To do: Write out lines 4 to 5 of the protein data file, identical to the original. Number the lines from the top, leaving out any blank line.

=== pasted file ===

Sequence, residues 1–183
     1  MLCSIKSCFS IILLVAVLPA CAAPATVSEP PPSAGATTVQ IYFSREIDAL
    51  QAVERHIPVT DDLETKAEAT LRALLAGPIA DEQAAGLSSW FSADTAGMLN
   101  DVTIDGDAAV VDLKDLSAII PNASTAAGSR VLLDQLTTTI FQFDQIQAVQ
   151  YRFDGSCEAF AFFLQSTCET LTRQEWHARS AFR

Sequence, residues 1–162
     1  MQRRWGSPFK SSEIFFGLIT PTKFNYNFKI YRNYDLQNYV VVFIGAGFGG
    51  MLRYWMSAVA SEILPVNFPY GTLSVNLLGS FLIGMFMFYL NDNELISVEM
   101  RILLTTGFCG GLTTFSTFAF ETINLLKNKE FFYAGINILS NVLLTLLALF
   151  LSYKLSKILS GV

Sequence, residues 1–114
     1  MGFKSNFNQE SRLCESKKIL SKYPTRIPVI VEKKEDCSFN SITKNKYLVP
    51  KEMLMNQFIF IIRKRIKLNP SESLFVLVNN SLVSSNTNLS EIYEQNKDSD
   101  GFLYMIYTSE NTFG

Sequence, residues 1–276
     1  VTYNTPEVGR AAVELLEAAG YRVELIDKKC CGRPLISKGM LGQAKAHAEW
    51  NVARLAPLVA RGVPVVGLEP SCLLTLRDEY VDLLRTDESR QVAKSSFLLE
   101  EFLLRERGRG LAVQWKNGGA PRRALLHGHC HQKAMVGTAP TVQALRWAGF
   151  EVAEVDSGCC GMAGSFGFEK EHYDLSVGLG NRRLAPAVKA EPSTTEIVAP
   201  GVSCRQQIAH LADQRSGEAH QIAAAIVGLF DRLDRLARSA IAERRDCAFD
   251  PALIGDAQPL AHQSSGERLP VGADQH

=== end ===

   101  DVTIDGDAAV VDLKDLSAII PNASTAAGSR VLLDQLTTTI FQFDQIQAVQ
   151  YRFDGSCEAF AFFLQSTCET LTRQEWHARS AFR